Leopold Stokowski = BLACHER: Variations on a Theme of Paganini, Op. 26; PROKOFIEV: 3 Excerpts from Romeo and Juliet, Suite No. 3, Op. 101; MILHAUD: Concerto for Percussion and Small Orchestra; EGK: French Suite after Rameau for Large Orchestra; WAGNER: Prelude and Love-Death from Tristan und Isolde; MUSSORGSKY: Intermezzo from Khovantschina; TCHAIKOVSKY: Symphony No. 5 in E Minor, Op. 64 – Werner Grabinger, percussion/Radio Symphony Orchestra, Baden-Baden/Stuttgart Radio-Symphony Orchestra (Wagner, Tchaikovsky)/Leopold Stokowski
Hanssler Historic CD 94.204, (2 CDs) 56:52, 70:52 [Distr. by Allegro] ****:
The legendary Leopold Stokowski (1882-1977) first appeared in Baden-Baden (Hans Rosbaud’s progressive musical center) in 1954, he quickly appreciated the spirit of musical experimentation the city and the musicians had imbibed, and he programmed several works he was destined never to commit to commercial inscriptions. Even the Prokofiev excerpts from the May 1955 session gained a heated intensity that made his RCA disc rather pale by comparison. Juliet’s Tomb and Romeo at Juliet’s Tomb resound with dire palpitating tragedy, infiltrated by allusions to the happier moments of their Balcony Scene, where love and death had already mated. The gnashing, grinding sense of doom projected by horns, strings, and battery assumes epic proportions, a true tale of immemorial woe.
Stokowski opens with the audacious Paganini Variations of Boris Blacher, which had its world premier in 1947 and had been extended into the repertories of Rosbaud and Fricsay. Rosbaud had himself led this richly textured canvas, but his realization was all hard, clean lines and thin-lipped geometry. Stokowski imbues each of the variants with an emotional ferocity, a warm glow lit by the conductor’s innate eroticism and capacity for romantic poetry. A wild clarinet rumba suddenly breaks out into the coda, an onrush of sound to make the Stravinsky of Le Sacre du Printemps downright jealous.
Darius Milhaud’s Concerto makes of the percussion a concertante instrument, although it consists of kettle and snare drums, tambourine, cymbals, triangle, wood and metal blocks, all employed with dexterous ferocity by Werner Grabinger. The entire piece barely lasts eight and a half minutes, but Stokowski manages to balance the often extreme dynamic range of the work with his usual suave finesse. The Egk French Suite after Rameau had been championed by Fricsay, and its five movements arranged from clavecin pieces of jaunty rhythm and delicate texture prove irresistible to the Stokowski penchant for colored, skewed spectra. Egk likely composed this Rameau homage as a complement to the Couperin homage by Richard Strauss. The second movement Gigue takes a moment from the French Enlightenment and hands it to Kurt Weill. The third movement haunts us with an atmospheric nocturne, Les tendres Plaintes. A manic toccata-like country dance defines La Venetienne; the last movement Les Tourbillons exudes a Parisian fluency and nonchalance, buoyant and upbeat.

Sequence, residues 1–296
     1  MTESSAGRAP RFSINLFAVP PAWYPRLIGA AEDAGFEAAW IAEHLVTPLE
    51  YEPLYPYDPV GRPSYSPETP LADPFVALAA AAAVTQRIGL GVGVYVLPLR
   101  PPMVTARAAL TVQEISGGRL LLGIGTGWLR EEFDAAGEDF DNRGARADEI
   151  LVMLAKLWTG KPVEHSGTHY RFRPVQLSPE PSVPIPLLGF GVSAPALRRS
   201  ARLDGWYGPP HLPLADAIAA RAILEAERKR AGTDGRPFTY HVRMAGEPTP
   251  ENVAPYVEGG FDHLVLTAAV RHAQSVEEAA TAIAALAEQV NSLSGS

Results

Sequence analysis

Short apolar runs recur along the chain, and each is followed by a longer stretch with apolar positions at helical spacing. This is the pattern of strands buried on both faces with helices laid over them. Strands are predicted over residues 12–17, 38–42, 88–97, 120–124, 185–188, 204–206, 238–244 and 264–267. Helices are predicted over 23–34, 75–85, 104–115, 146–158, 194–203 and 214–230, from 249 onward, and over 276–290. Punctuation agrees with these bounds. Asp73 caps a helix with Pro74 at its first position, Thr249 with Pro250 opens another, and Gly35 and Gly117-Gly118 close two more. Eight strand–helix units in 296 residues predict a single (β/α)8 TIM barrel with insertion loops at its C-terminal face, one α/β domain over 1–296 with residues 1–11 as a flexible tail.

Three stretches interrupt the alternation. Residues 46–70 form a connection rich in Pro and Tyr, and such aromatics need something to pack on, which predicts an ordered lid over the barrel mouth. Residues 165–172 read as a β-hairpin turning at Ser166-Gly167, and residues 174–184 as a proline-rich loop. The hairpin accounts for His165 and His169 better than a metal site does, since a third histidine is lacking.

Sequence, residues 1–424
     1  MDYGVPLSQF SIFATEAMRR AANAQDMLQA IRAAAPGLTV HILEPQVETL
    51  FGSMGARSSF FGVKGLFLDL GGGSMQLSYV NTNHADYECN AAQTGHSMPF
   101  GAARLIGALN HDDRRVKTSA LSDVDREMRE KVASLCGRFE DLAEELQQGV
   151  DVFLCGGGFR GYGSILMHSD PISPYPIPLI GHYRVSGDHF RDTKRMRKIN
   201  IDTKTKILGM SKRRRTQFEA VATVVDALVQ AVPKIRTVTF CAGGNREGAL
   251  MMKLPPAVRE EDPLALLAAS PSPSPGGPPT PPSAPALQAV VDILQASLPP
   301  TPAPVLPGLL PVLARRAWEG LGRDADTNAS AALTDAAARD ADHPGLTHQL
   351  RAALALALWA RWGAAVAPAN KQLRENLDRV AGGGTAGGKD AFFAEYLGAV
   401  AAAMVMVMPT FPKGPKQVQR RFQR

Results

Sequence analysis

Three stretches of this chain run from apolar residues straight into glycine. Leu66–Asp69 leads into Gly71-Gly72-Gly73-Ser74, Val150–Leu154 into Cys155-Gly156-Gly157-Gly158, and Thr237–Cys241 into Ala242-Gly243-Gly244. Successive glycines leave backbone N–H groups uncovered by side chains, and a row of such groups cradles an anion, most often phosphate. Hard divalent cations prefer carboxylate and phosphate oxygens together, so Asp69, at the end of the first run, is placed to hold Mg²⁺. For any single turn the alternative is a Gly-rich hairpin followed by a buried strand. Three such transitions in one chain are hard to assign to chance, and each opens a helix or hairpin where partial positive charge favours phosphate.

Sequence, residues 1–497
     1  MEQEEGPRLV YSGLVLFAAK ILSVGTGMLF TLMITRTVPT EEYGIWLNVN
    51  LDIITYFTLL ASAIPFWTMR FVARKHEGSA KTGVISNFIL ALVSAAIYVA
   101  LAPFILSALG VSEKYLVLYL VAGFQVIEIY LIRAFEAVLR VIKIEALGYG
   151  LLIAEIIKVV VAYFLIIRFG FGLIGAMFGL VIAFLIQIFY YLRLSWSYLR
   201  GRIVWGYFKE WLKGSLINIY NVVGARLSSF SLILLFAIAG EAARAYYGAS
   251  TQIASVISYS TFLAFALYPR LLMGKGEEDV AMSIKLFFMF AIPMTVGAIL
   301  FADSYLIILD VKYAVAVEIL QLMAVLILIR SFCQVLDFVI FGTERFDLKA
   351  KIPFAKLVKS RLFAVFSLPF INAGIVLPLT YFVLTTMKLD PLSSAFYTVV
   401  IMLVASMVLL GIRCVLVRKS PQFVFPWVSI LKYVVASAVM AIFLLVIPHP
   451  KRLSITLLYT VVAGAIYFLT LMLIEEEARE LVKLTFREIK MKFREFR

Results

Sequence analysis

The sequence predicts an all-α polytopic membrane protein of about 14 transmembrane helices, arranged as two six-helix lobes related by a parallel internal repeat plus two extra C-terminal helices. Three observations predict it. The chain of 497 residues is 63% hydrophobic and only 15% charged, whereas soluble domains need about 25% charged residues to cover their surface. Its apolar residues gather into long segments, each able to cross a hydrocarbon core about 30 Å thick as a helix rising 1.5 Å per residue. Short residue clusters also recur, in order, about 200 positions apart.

Once we enter 20 May 1955 Stuttgart, we find ourselves in Stokowski’s perennial land of Wagner and the Russians. The familiar Prelude and Love-Death from Tristan exudes enough mystery and fatal ecstasy to assure that no dry seat can be found in the concert hall. The woodwinds, strings, and harp resonate with agonizing grace and speed, the climax soaring into a tremolando stratosphere where even the gods must look up in wonder. Even more grueling is the Intermezzo from Khovantschina, describing Prince Golitsyn’s tragic procession into an abyssmal exile, rife with piercing bells and vomiting chords from deep winds and bass fiddles. Perhaps Arnold Boecklin could have painted this picture, but Mussorgsky invokes a Dantesque pageant unique in its own terrible sound world.
Tchaikovsky’s Fifth Symphony – the Stokowski staple – once again ascends in beauty like the night. Despite a few cuts and color addenda, Stokowski fuses the known and the unknown, accelerating or decelerating, dynamically graduating according to his poetic whim. The alternate marches and waltzes each carry the imprimatur of Stokowski’s version of the “Fate” motif, enriched by the confident swagger of an inspired personality. The composer himself would have to approve, if only for the force and glorious conviction of the entire enterprise. This is a Herculean world one accepts or rejects outright, without half measures.